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Israel’s ‘intense’ operations in Gaza ‘about to end’ with attention to move to Hezbollah: Netanyahu

Israel’s “intense” phase of war with Hamas in Gaza is “about to end,” Israeli Prime Minister Benjamin Netanyahu said on Sunday, signaling that the Jewish state’s attention will likely turn to the country’s north amid threats from Hezbollah. “The intense phase of the fighting against Hamas is about to end,” Netanyahu told local Channel 14. […]

Israel’s “intense” phase of war with Hamas in Gaza is “about to end,” Israeli Prime Minister Benjamin Netanyahu said on Sunday, signaling that the Jewish state’s attention will likely turn to the country’s north amid threats from Hezbollah.

“The intense phase of the fighting against Hamas is about to end,” Netanyahu told local Channel 14. “It doesn’t mean that the war is about to end, but the war in its intense phase is about to end in Rafah. After the end of the intense phase, we will be able to redeploy some forces to the north, and we will do that. Primarily for defensive purposes but also to bring the (displaced) residents back home.”

Israeli Prime Minister Benjamin Netanyahu speaks during a ceremony at the Nahalat Yitshak Cemetery in Tel Aviv, Israel, Tuesday, June 18, 2024. The ceremony marked the annual memorial for people killed in Israel’s Altalena affair — a violent clash between rival Jewish forces that nearly pushed the newly independent Israel into civil war in 1948. (Shaul Golan/Pool Photo via AP)

Israel has been fighting in Gaza since the militant group’s assault on Oct. 7, where roughly 1,200 civilians and soldiers were killed. Netanyahu’s government has made clear its objectives to eradicate Hamas as well as rescue its hostages that Hamas captured during its attack last fall.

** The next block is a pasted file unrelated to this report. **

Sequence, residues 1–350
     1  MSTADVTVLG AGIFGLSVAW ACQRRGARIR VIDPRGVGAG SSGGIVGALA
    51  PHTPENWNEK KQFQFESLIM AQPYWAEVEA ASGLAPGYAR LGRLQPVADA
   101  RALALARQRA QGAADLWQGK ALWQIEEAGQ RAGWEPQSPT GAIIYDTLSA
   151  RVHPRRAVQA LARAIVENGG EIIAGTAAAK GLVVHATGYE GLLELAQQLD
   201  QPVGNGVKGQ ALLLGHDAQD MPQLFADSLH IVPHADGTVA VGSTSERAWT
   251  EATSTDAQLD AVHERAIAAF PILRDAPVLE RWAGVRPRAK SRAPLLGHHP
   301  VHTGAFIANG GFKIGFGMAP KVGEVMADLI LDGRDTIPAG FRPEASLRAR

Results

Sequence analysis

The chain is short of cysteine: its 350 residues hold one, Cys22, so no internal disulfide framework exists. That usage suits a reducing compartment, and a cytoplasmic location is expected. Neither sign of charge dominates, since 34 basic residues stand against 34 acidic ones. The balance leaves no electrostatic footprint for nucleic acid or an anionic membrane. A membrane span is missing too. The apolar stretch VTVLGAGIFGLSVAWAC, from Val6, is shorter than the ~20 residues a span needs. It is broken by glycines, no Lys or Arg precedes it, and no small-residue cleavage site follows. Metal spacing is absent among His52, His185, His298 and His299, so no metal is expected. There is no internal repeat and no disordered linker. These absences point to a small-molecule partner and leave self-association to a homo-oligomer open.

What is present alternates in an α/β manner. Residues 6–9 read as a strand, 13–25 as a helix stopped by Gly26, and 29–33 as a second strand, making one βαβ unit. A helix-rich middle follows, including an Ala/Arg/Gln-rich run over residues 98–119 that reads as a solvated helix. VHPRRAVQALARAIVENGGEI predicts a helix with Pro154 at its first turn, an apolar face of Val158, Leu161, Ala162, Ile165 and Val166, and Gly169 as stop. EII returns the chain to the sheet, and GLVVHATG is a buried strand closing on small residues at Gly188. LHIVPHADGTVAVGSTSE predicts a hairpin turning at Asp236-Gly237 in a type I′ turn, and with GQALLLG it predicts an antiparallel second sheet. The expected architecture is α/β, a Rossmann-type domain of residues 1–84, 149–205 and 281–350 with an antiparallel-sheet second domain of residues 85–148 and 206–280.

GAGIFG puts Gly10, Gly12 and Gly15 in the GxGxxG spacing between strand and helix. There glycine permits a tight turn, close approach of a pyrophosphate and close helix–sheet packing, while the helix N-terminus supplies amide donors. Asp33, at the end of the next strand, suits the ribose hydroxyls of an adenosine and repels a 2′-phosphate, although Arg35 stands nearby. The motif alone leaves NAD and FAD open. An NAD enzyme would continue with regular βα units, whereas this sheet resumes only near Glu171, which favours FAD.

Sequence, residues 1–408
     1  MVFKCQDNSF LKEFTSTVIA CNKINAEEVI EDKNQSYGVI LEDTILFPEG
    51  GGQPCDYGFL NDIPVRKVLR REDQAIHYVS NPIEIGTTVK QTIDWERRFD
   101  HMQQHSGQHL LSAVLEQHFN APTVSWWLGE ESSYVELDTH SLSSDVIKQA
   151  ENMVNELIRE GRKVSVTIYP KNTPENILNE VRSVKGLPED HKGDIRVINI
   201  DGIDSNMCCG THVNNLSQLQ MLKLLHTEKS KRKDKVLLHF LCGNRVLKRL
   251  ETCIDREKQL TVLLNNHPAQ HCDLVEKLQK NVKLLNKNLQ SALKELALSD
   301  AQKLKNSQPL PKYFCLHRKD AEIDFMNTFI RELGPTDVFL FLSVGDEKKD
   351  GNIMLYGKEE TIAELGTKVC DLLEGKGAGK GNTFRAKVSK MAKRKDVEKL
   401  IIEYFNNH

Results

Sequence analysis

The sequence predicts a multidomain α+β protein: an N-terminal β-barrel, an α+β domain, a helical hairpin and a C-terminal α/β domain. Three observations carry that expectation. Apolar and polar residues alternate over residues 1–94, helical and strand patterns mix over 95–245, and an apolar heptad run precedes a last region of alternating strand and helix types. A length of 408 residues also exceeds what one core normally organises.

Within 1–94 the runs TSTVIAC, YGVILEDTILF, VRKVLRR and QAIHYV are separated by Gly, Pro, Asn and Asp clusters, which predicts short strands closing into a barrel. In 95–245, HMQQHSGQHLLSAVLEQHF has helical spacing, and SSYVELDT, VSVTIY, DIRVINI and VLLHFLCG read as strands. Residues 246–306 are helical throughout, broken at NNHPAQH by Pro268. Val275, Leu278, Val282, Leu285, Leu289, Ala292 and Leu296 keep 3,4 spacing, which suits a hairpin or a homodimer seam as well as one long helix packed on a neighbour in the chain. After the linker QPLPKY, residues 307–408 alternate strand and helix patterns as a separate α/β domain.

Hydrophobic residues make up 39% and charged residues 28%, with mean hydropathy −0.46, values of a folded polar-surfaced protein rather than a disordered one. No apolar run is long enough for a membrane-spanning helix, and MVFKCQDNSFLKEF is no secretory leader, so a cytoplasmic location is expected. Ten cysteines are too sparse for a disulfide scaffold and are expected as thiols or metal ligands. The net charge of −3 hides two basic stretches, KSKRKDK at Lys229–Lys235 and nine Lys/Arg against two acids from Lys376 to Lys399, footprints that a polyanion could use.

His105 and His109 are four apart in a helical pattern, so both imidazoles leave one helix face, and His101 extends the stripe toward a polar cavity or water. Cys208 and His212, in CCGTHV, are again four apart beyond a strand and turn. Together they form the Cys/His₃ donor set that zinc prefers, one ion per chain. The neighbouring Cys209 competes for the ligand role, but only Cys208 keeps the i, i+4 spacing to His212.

Hezbollah is an Iran-backed militant group operating in Lebanon that has feuded with Israel for decades. Ever since Hamas’s Oct. 7 attack, Hezbollah and Israel have exchanged missile attacks along their shared border.

Hezbollah attacked Israel as recently as Sunday, and Israel is believed to have retaliated with munitions later that night.

Fires and smoke rise at houses in the northern Israeli border town of Metula, hit by Hezbollah shelling, as seen from the Lebanese town of Marjayoun, Lebanon, Saturday, June 22, 2024. The level of threats between Israel and Hezbollah intensified following last week’s killing by Israel of Hezbollah’s most senior commander since the fighting began. Hezbollah retaliated by firing hundreds of rockets into northern Israel in retaliation. (AP Photo/Hussein Malla)

On Wednesday, the leader of Hezbollah, Sayyed Hassan Nasrallah, warned of a war “without rules or ceilings” in the event of a full-scale conflict with Israel.

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“No place” in Israel would be safe in such conflict, Nasrallah said while speaking at a ceremony to commemorate slain senior commander Taleb Abdullah, who was killed last week in an Israeli airstrike.

The Israel Defense Forces said the same week that “operational plans for an offensive in Lebanon were approved and validated.” Israel spokesman Rear Adm. Daniel Hagari said Hezbollah’s “increasing aggressing is bringing us to the brink of what could be a wider escalation, one that could have devastating consequences for Lebanon and the entire region.”

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The Hamas-run Gazan Health Ministry has said more than 37,000 Palestinians have been killed since Oct. 7, with many people, including some U.S. Democrats, begging for a ceasefire. Israel has maintained that it is Hamas who has put Palestinians in danger, even by using civilians as “human shields,” according to Netanyahu.

The Oct. 7 attack and subsequent rise in antisemitism have also led to worldwide criticism and calls for an end to discrimination and hate. The conflict has become a polarizing topic across many countries, including the United States, with President Joe Biden facing scrutiny from opposite camps for allegedly not doing enough to support Israel, and, according to others, not doing enough to stand up for innocent Palestinian lives.

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